Table 1 Participant characteristics

Repeat measures of ECV and λ, intra-study assessment

The intra-study data of ECV and λ for both normal and HF groups are shown in Table 2. As expected, the correlation between the 12 minute and 25 minute of ECV and λ in the same study session was better in healthy subjects (0.98, 0.97) compared with that of the heart failure patients (0.88, 0.86). ECV has smaller Bland-Altman limits of agreement and intra-study standard deviation compared with partition coefficient (Table 2). The intra-study variability of both ECV and λ was larger in the heart failure group compared to that of the healthy group.

Table 2 Intra-study reproducibility data in healthy and heart failure groups

Inter-study difference and sample size estimation

The inter-study data of ECV and λ of the healthy group are shown in Table 3. Compared with the same intra-study data parameters, the correlation coefficients were lower for data acquired at a different study session. As expected, the CV and Bland-Altman limits of agreement of inter-study were also greater compared with that of the intra-study. Pre-contrast myocardial T1 exhibits high agreement between two study sessions.

Table 3 Inter-study reproducibility data in healthy subjects

In healthy subjects, the inter-study SD of ECV and λ were about 2.8-fold greater than the intra-study (ECV: 0.017 vs. 0.006; λ 0.025 vs. 0.009). In heart failure subjects, the intra-study of ECV and λ were 0.017 and 0.028, respectively. The sample size needed for the heart failure group was estimated for three different cases:

Case 1 Inter-study SD of ECV and λ estimated at 2.8 times greater than the intra-study SD (SD1 and N1 in Table 4),

ECV _ S D int er - study = ECV _ S D int ra - study × 2.8 = 0.017 × 2.8 = 0.048 λ _ S D int er - study = λ _ S D int ra - study × 2.8 = 0.028 × 2.8 = 0.078
Table 4 Estimated sample size in heart failure group to detect the change of ECV and λ with a power of 80%

Case 2 50% more variation than Case 1: Inter-study SD of ECV and λ estimated at 4.2 times greater than the intra-study SD (SD2 and N2 in Table 4),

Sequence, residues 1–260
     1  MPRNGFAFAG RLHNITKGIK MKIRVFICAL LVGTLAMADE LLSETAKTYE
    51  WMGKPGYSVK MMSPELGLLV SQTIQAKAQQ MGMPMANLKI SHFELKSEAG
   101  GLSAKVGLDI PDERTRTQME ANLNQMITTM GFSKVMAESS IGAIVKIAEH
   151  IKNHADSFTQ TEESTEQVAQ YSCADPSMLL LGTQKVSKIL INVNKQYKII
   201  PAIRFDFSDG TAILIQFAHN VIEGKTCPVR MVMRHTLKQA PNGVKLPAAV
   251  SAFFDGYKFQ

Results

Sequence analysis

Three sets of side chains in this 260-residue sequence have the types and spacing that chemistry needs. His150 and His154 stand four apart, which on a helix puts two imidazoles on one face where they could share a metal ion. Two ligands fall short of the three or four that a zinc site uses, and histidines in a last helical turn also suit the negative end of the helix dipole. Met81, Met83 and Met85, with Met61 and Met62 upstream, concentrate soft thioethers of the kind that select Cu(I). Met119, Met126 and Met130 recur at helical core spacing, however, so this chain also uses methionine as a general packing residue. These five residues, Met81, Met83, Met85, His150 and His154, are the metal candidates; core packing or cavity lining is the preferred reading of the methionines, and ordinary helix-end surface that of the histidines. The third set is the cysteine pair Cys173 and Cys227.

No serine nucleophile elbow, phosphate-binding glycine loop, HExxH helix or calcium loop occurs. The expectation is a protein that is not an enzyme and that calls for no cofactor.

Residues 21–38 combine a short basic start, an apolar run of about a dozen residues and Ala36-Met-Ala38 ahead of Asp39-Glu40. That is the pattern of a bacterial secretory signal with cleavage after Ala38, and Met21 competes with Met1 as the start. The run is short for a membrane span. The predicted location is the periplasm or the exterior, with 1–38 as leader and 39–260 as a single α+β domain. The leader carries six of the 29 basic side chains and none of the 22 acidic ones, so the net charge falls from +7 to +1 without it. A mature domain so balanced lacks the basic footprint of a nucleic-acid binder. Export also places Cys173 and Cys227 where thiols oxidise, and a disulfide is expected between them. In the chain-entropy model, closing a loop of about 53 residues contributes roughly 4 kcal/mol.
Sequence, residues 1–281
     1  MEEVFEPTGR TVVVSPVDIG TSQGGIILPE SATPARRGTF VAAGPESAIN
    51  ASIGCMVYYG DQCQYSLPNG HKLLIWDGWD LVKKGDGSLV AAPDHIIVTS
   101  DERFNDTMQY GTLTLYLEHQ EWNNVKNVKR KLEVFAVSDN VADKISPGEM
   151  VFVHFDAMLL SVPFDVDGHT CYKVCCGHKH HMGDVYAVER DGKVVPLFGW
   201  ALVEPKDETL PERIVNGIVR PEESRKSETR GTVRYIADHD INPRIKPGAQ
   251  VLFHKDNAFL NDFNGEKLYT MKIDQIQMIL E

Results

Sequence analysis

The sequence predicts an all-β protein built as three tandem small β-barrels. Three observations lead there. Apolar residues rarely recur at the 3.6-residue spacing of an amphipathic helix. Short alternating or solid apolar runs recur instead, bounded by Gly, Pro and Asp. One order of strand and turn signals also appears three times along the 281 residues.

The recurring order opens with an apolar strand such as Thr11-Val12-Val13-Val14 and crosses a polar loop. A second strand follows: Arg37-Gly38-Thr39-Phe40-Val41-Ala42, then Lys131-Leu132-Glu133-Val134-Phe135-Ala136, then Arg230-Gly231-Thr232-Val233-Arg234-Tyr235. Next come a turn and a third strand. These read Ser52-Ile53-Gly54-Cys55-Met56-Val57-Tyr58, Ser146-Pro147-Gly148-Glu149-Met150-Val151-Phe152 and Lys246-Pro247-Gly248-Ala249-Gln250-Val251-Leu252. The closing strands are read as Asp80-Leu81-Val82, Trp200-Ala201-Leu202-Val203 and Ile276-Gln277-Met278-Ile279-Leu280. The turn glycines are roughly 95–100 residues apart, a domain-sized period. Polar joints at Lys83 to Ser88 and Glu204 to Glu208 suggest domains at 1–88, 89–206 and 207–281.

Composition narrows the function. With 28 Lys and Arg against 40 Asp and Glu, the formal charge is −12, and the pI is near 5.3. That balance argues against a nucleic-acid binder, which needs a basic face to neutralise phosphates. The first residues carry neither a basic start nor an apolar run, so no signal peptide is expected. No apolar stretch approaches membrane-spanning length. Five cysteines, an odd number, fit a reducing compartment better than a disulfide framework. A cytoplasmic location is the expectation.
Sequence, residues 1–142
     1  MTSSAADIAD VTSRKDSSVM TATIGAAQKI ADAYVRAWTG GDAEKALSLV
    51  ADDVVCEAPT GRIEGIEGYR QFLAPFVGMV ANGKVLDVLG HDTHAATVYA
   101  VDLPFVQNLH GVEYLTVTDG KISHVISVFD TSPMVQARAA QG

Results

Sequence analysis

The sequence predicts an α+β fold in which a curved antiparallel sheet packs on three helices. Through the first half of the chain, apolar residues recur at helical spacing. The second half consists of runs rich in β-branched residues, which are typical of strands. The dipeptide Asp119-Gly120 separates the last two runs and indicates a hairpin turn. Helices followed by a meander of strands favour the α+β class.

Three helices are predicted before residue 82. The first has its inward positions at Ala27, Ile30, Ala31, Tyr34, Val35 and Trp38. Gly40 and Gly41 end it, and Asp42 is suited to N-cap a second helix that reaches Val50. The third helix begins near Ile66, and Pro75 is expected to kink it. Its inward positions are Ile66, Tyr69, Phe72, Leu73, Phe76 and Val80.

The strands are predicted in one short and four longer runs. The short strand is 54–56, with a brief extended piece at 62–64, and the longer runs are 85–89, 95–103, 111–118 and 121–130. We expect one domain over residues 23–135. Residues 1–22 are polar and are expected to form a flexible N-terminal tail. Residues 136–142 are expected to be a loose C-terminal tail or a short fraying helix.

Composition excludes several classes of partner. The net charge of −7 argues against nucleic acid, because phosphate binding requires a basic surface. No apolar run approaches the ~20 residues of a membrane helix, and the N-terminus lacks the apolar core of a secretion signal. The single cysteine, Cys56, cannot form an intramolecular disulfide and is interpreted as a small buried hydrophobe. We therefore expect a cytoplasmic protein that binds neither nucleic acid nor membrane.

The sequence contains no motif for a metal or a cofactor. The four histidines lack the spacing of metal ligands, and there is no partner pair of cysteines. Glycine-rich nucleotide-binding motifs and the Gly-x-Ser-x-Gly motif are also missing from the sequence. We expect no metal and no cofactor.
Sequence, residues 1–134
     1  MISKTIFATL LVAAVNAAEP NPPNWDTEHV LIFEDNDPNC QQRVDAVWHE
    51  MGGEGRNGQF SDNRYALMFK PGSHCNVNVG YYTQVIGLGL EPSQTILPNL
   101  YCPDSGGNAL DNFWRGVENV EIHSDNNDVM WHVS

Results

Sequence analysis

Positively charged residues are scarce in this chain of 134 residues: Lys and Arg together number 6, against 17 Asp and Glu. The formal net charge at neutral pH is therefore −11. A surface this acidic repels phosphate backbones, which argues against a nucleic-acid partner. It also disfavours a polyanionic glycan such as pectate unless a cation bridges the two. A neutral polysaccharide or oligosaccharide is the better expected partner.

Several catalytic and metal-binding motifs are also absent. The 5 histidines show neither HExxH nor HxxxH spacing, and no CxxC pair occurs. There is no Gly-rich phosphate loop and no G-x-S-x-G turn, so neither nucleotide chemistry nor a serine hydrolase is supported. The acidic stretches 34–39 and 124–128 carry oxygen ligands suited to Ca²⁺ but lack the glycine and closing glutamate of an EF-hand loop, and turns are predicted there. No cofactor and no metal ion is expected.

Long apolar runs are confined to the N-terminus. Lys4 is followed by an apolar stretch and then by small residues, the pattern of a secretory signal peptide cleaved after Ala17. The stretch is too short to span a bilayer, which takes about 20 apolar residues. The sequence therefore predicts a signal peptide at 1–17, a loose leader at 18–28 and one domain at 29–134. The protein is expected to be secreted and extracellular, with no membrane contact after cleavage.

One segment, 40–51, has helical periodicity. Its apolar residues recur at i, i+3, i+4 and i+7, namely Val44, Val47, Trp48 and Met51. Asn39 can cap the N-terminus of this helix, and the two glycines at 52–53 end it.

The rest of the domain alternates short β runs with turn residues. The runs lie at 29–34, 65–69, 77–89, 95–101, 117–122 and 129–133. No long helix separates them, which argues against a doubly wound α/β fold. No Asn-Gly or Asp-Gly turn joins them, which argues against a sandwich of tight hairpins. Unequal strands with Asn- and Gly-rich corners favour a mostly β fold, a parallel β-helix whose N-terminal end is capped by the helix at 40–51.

ECV _ S D int er - study = ECV _ S D int ra - study × 4.2 = 0.017 × 4.2 = 0.072 λ _ S D int er - study = λ _ S D int ra - study × 4 . 2 = 0.028 × 4.2 = 0.117

Case 3 100% more variation than Case 1: Inter-study SD of ECV and λ estimated at 5.6 times greater than the intra-study SD (SD3 and N3 in Table 4),

ECV _ S D int er study = ECV _ S D int ra study × 5.6 = 0.017 × 5.6 = 0.096 λ _ S D int er study = λ _ S D int ra study × 5.6 = 0.028 × 5.6 = 0.156

Sample size estimation

In patients without LGE, the median percent histological fibrosis was 6.5% with inter-quartile range of 3.0 – 9.0% at endomyocardial biopsy [34]. Therefore, a 3% increase of histological fibrosis represents 25% more myocardial fibrosis over baseline would be clinically meaningful. The correlation coefficient between ECV quantification and histological fibrosis was 0.69 in a rat hypertension model [35]; and 0.89 in aortic stenosis and hypertrophic cardiomyopathy patients [12]. Take the average ECV correlation coefficient and the proposed 3% increase of histological fibrosis translates into a clinically meaningfully ECV change of 0.038 or lambda change of 0.063, assuming a hematocrit of 0.4.

For Case 1, 27 patients would be needed to detect a 0.038 change in ECV or 0.063 change in λ with 80% of power. For a “worst case” scenario with more variability as in Case 3 (e.g., a multi-center trial), 100 patients would be needed to detect a 0.038 change in ECV or 0.063 change in λ with 80% of power. For studies comparing active treatment vs. placebo, these sample size numbers need to be doubled. Figure 1 and Figure 2 show the sample sizes required for detection of a certain ECV or λ difference with a power of 80% and an alpha error of 0.05 under different inter-study standard deviations.

Figure 1